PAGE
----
Sole survivor of Yarnell Hill Fire identified

Brendan McDonough

Brendan McDonough, surviving member of the Granite Mountain Hotshots on the Yarnell Hill Fire. Photo courtesy of Brendan’s father, who placed the photo on his Facebook page.

The only member of the Granite Mountain Hotshot crew to survive the Yarnell Hill Fire has been identified as 21-year old Brendan McDonough. Contrary to earlier reports that he had been assigned to move equipment when the other 19 members of the crew became entrapped and were killed, Mr. McDonough was serving as a lookout.

The duties of a lookout on a wildland fire are to observe the fire and the weather and to notify the crew about changes that could jeopardize their safety. Typically they find a high vantage point from which they can see both the fire and the location of the other firefighters.

In a briefing Tuesday, Prescott Fire Department Public Information Officer Wade Ward said Brendan, who is in his third season with the crew, did “exactly what he was supposed to do”. When he arrived at the lookout point he identified a trigger point for himself and decided that when the fire reached that location he would have to leave for his own safety. Later in the day when the fire reached that trigger point, he radioed the crew Superintendent, telling him that the weather was changing rapidly and the direction of spread of the fire had changed because the wind direction had changed. Brendan told him that he had to leave his lookout location and that if the crew needed anything to contact him. That was his last communication with the crew, after which he walked out and met the Blue Ridge Hot Shots. He looked back and saw that the point where he had been had already burned over. He then got in the Blue Ridge Hotshots’ vehicle and was taken to a safety zone.  Brendan was not injured and did not have to deploy his fire shelter.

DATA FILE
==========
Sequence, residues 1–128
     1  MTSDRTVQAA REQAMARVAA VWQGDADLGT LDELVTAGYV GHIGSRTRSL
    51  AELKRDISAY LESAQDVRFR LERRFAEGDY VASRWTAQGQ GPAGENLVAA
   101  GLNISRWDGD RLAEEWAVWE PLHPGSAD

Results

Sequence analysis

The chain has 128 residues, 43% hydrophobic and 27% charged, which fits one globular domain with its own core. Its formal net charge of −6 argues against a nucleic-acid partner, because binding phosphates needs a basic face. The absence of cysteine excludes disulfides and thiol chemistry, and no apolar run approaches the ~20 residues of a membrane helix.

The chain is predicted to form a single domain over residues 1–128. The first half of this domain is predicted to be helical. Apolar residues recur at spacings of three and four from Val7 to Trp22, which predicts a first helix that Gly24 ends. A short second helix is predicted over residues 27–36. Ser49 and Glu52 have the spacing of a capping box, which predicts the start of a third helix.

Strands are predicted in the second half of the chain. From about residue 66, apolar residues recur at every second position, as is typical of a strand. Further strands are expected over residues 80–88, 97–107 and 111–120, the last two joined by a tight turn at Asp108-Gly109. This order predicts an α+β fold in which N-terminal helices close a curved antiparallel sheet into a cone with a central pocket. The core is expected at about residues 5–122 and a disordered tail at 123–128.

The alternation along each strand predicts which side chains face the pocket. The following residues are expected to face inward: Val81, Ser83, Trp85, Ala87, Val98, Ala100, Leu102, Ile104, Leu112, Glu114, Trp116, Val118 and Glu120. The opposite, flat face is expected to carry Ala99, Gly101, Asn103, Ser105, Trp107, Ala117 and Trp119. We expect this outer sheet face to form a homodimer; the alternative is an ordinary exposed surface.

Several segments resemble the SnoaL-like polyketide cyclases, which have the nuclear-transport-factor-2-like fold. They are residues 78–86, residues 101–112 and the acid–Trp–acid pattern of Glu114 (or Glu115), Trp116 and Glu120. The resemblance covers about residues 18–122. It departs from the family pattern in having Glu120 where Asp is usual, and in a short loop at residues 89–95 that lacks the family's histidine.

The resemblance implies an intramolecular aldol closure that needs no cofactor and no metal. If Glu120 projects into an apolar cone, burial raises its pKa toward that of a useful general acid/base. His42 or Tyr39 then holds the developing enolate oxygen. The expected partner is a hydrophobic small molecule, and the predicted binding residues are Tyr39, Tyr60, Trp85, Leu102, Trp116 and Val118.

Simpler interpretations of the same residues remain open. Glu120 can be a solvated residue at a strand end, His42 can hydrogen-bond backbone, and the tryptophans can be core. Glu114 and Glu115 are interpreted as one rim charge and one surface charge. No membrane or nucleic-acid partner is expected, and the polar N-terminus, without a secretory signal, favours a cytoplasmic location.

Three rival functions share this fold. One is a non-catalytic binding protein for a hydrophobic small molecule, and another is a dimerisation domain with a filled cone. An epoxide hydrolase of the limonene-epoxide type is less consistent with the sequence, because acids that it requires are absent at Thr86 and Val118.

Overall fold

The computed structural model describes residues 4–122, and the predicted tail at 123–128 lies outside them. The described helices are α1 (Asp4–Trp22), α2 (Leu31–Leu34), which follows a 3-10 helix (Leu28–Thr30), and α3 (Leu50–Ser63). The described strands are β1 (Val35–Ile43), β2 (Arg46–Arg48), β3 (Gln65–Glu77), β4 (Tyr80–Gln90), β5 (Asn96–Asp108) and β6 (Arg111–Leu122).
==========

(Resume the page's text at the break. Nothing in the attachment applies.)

“The wind changed,” said Prescott Fire Battalion Chief Ralph Lucas, explaining the movement of the fire. “We had a thunderstorm that was above. They have a tendency to push winds around, just because of the dynamics of nature, and that may have been what occurred during that time period, that brought fire up toward his trigger point, indicating that it was time for him to leave his lookout point.”

Mr. Ward implored the audience to protect Brendan’s privacy and to leave him alone, which precipitated applause from the crowd. Then he said, “Give him some time. And when I mean time, it’s going to take weeks, if not longer”.

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About Bill Gabbert

Wildland fire has been a major part of Bill Gabbert’s life for several decades. After growing up in the south, he migrated to southern California where he lived for 20 years, working as a wildland firefighter. Later he took his affinity for firefighting to Indiana and eventually the Black Hills of South Dakota where he was the Fire Management Officer for a group of seven national parks. Today he is the creator and owner of WildfireToday.com and Sagacity Wildfire Services and serves as an expert witness in wildland fire. If you are interested in wildland fire, welcome… grab a cup of coffee and put your feet up. Google+

One thought on “Sole survivor of Yarnell Hill Fire identified

  1. Amen to Officer Ward’s plea on Brendan’s behalf: “weeks, if not longer.” Could be months. It takes the time that it takes.

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